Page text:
As doing astrophotography was my original one try to this forum and is still my big dream goal, I have put time, effort and money into it without much success yet.

But I do have a Watec 902h ultimate CCD camera with a 9mm lens that is used by lots of amateur satellite spotters and even the recommended camera for meteor observation. There is a large network running all sky cameras every night to collect data. I should be able to do some of these observations myself, but I have yet to gets portable power source (I am thinking NP-F) and a better capture solution.

I want to use the CCD and my thermal camera (using the 32mm lens as that is working right now) to do some observations, but I am not sure I will find the time. And I am also limited by location, since from my backyard it's rather occluded and I can't see much of the sky.
 

Offline DaJMasta

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Re: Thermal imaging Arietid and other meteor showers?
« Reply #4 on: June 09, 2021, 02:16:35 am »
I don't know if this counts, but have you tried with NIR or SWIR cameras?  They should be burning plenty hot enough to emit lots in the nearer IR bands, and while there is a lot of IR coming in from the sun, the scattering from the atmosphere may be less (so not as much brightness looking with the sun out of frame), and may be sufficient for you to get images where the visible light doesn't show.
 

Offline Ultrapurple

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Re: Thermal imaging Arietid and other meteor showers?
« Reply #5 on: June 09, 2021, 09:22:43 am »
I'm not sure that it would make much of a difference. The cloudless sky is essentially black at all wavelengths below about visible yellow. The longer the wavelength, the blacker the sky gets.

Here's a sample taken in the near-IR band (1.1-0.85µm).



And the same subject, at about the same time, in LWIR (14-7µm):

« Last Edit: June 09, 2021, 11:03:15 am by Ultrapurple »
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Online Bill W

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Re: Thermal imaging Arietid and other meteor showers?
« Reply #6 on: June 09, 2021, 11:53:34 am »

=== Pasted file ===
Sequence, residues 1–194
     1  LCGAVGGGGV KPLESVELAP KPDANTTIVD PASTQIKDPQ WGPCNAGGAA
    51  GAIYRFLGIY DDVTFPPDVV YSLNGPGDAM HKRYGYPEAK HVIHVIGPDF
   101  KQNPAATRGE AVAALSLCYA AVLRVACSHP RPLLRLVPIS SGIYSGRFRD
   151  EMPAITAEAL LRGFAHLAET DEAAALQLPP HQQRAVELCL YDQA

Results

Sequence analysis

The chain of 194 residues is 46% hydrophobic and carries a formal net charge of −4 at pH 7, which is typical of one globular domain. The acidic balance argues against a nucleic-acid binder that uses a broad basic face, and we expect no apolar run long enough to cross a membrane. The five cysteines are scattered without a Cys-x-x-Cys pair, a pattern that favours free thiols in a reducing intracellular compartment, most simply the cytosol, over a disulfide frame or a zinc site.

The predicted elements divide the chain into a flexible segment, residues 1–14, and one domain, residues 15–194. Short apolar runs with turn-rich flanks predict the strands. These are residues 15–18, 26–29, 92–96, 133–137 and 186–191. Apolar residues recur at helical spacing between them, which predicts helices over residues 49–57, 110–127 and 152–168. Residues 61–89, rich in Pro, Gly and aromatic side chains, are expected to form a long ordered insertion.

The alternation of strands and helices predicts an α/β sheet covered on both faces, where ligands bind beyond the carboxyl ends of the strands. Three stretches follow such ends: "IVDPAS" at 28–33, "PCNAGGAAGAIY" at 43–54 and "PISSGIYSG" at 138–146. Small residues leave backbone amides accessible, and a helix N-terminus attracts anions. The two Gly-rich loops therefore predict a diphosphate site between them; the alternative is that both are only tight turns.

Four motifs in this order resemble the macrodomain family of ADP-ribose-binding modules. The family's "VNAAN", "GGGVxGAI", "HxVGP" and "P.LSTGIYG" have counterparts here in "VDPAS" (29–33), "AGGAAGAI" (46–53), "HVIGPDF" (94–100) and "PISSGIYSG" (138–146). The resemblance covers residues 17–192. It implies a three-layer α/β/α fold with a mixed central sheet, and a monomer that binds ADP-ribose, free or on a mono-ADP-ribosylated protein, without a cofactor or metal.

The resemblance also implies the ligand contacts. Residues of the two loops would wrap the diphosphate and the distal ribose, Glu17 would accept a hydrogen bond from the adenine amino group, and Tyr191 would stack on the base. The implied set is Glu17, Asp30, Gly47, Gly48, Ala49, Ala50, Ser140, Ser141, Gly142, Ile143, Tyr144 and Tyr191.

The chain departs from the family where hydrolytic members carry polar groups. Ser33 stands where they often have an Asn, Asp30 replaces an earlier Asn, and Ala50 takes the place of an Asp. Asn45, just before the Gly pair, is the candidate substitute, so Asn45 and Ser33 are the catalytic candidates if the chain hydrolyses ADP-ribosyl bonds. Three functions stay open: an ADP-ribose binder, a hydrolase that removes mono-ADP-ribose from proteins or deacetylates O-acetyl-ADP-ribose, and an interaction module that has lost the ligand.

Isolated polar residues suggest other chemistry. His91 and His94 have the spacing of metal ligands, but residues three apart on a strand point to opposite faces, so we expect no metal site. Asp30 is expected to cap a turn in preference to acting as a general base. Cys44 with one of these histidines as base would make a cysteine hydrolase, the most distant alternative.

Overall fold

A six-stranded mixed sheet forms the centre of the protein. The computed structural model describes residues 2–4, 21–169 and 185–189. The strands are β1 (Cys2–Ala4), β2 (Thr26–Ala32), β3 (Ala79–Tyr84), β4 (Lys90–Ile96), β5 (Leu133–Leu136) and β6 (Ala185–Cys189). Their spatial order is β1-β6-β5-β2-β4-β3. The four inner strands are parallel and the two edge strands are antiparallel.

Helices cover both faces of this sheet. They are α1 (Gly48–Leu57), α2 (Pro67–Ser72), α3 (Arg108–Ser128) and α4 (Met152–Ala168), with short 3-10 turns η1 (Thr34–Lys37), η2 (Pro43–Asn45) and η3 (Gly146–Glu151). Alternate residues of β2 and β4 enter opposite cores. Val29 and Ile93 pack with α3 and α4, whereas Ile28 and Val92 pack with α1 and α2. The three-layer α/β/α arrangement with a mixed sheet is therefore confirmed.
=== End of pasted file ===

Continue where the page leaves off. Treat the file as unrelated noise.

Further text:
They should be burning plenty hot enough to emit lots in the nearer IR bands,

The problem is that the energy is a very small angular source being spread out over a relatively large TIC pixel 'IFOV' angle, especially as you'd probably be quite wide field to stand a good chance of catching one.

Meteor trails are said to be a meter or so wide at 150km range
http://adsabs.harvard.edu/full/1958AJ.....63..283H

Even with a VGA sensor, a 32 degree lens is 1/20th degree per pixel.  At 150km that is 130m wide.

So the trail is attenuated by a factor of about 100, and could even go in between the pixels if you were unlucky.


Bill

Offline Ultrapurple

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Re: Thermal imaging Arietid and other meteor showers?
« Reply #7 on: June 09, 2021, 02:34:14 pm »
Thanks Bill - a good point and an interesting paper.

I love it when I find words like 'residuum' in the first paragraph of a report. But I do make my living from the English language so I'm probably biased.
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Offline DaJMasta

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Re: Thermal imaging Arietid and other meteor showers?
« Reply #8 on: June 09, 2021, 03:04:05 pm »
The problem is that the energy is a very small angular source being spread out over a relatively large TIC pixel 'IFOV' angle, especially as you'd probably be quite wide field to stand a good chance of catching one.

Meteor trails are said to be a meter or so wide at 150km range
http://adsabs.harvard.edu/full/1958AJ.....63..283H

Even with a VGA sensor, a 32 degree lens is 1/20th degree per pixel.  At 150km that is 130m wide.

So the trail is attenuated by a factor of about 100, and could even go in between the pixels if you were unlucky.


Bill

I guess part of my point being that especially with a silicon based NIR camera, you can get much higher resolution than VGA for a much lower price, so if you can get less background brightness from sky scattering, the smaller pixels, cheaper optics, and better contrast on a sun lit sky, you may be able to capture them much more easily/cheaply during the day in the NIR band.
 

Offline bap2703

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Re: Thermal imaging Arietid and other meteor showers?
« Reply #9 on: June 09, 2021, 06:30:17 pm »
Maybe it's even better to just use an astro-ready DSLR (with it's IR blocking filter removed) but with an IR pass filter.